WeatherWhys Blog

SuperStorm 2012

SuperStorm 2012

The incredible storm affecting much of the US eastern seaboard and its huge population may have a long lasting impact. And many experts have stated that this so called “Frankenstorm” will have been the strongest storm residents of the east have ever seen- a storm without precedent. It certainly is potentially deadly and will wreak destruction from coastal storm surge, damaging winds and intense rainfall. But without precedent? Let me place this storm in its proper perspective.

As meteorologists, we tend to categorize extreme weather events by calculating what their “return frequency” is. That is, how often a storm of this magnitude might be expected to occur. Every 50 years, or every 100 years? Every 500 years? There are a variety of statistical methods that can help us arrive at these numbers to better define how rare an event is. And SuperStorm 2012 can thus be statistically understood. But there have been other events during this time of year, in that part of the country, which can be cited immediately, that have brought similar weather threats and hazards.
 
A little over 20 years ago, a category 2 hurricane named Grace was moving northeast near the North Carolina coast and interacted with a cold storm coming off the mainland. In October of 1991, the Perfect Storm developed causing hurricane force winds in areas off New England with extensive coastal erosion. The system ultimately sank the Andrea Gail, a fishing vessel returning to harbor in Gloucester, Massachusetts on October 28, 1991. A book was written about this event, and a movie was produced in 2000. The Perfect Storm caused over $200 million damage and killed 13 people.
 
There are striking similarities between SuperStorm 2012 and the Perfect Storm. The primary difference is that the 1991 event came together about 300 miles farther east out to sea. Today, Frankenstorm is strengthening while moving in from the southeast to impact the New Jersey coastline Monday evening. Both systems were hybrid, bringing immense meteorological potential from tropical and polar sources.
 
Tropical cyclones derive their wind power from warm sea surface temperatures that convert the heat energy into intense thunderstorms around a tight core, or eye. Polar (extratropical) cyclones derive their wind power from temperature changes around the storm. Technically, this is known as baroclinicity. But it simply means an environment where winds are blowing colder air from one area to another. The infusion of colder air into a polar cyclone strengthens it. And so, when you bring the best of both types of cyclones together you are likely to get a whopper- a monster zone of low pressure.
 
Tropical systems bring unique hazards, such as a rising sea level right along the coastline. This is due to physical forcing of the water ahead and to the right of the storm center combined with the lower atmospheric pressure allowing for rising water levels (since the weight of the air pushing down on the water lessens). Polar systems bring unique hazards too, such as a broad wind field. While hurricanes have their strongest winds wrapped around a relatively small eye wall, polar lows have high winds spread out for hundreds of miles in all directions. All of these elements will be plaguing the eastern seaboard for days.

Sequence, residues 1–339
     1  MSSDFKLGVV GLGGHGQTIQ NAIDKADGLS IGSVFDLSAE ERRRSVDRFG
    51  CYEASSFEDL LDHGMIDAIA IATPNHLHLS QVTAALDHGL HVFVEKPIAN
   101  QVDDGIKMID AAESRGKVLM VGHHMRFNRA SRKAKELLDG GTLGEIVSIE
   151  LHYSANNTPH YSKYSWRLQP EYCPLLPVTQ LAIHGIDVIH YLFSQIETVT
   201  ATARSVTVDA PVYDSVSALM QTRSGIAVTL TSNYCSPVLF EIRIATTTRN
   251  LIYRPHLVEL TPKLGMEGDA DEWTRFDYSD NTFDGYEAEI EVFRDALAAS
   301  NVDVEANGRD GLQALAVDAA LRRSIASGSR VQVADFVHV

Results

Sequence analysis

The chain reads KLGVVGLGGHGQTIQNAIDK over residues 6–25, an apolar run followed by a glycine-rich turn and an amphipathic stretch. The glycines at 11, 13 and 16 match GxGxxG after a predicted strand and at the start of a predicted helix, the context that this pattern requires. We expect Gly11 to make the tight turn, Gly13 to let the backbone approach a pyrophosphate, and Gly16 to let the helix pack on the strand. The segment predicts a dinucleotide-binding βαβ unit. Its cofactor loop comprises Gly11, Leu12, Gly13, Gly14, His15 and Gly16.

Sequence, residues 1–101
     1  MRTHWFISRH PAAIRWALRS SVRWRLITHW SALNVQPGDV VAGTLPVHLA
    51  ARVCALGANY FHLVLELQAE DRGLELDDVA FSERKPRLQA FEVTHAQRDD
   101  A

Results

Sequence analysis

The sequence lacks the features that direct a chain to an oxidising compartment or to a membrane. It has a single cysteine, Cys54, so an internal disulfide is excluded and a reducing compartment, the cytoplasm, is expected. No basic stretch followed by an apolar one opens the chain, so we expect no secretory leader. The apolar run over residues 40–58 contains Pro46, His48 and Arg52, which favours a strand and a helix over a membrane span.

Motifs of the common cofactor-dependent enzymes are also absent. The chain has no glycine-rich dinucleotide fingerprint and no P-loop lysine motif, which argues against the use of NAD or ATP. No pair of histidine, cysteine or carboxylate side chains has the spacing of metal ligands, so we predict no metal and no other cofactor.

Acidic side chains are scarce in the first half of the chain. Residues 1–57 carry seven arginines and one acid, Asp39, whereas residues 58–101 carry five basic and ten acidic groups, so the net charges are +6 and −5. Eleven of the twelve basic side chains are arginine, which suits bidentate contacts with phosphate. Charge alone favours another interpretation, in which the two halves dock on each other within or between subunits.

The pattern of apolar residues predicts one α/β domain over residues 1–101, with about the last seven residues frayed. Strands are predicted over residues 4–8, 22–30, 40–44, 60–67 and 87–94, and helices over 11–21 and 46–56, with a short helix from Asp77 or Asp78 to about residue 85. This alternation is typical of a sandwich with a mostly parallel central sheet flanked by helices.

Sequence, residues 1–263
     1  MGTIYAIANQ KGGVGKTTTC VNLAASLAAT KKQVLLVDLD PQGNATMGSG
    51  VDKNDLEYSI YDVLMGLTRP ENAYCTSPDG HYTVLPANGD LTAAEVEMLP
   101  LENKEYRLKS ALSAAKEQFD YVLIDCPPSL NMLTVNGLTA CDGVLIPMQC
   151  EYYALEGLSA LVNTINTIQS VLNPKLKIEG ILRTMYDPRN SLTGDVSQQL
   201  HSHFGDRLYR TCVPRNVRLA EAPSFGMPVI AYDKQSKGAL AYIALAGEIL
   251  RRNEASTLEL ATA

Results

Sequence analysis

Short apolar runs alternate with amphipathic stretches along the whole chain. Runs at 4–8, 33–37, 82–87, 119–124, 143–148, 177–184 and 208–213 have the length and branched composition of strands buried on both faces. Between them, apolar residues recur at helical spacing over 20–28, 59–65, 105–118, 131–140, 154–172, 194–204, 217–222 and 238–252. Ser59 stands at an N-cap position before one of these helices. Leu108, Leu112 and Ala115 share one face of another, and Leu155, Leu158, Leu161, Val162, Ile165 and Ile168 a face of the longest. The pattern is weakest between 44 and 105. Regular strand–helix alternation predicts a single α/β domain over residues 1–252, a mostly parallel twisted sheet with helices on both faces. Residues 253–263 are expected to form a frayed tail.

Back in October of 1938, the Great Hurricane of ’38 hit New England. It was also known as the Yankee Clipper and the Long Island Express. This was a full-fledged hurricane as it blew up straight from the south, crossing the middle of Long Island on September 21st of that year. It had been a category 5 hurricane earlier and stuck the US coastline as a category 3. This system caused over $306 million damage, destroyed more than 50,000 homes and killed nearly 800 people. In 2012 dollars the damage would equate to $4.7 billion.
 
On August 24, 1893 New York City was directly hit by the New York Hurricane. This was a former category 3 storm that struck the city and western Long Island as a 110 mph category 2 system. There was extensive damage.
 
During early October of 1869, more than 100 people were killed by the “Saxby Gale”, a category 2 hybrid hurricane/polar cyclone that hit New England.
 
On September 2nd and 3rd, 1821 the east coast was devastated by a monster category 4 hurricane. This huge storm, also known as the “Norfolk and Long Island Hurricane” with 135 mph sustained winds roared northward from coastal North Carolina through the Tidewater of Virginia, up through Delaware Bay and Philadelphia, then over New York and up through New England. Manhattan saw a storm surge of 13 feet, the greatest ever in New York. There were only about 25 confirmed deaths (many more suspected) and a damage estimate of $200,000. Of course, that same storm taking the same track today would be much more destructive than Frankenstorm is expected to be. 
 
Finally, the Great Colonial Hurricane of 1635 rammed onshore on August 25th of that year. Tremendous impact was felt from the Jamestown colony in Virginia up through New Amsterdam (today’s New York) to Plymouth Colony. This event has been reconstructed as a strong category 4 hurricane. The storm surge into Rhode Island was 22 feet, the strongest ever measured.
 
Frankenstorm will no doubt hit hard. But storms like this will strike the eastern seaboard roughly once every 75 to 100 years. Frequency of such events is fairly consistent. However, a big change in the equation is population concentration. In the west, Los Angeles always has and always will deal with issues to supply multi millions of people potable water in a desert. So too, increased development in areas prone to hurricanes or Frankenstorms will not lessen the climatological return frequency of these storms. It will only increase the necessity to prepare for what is ultimately inevitable. Perhaps that is the biggest challenge.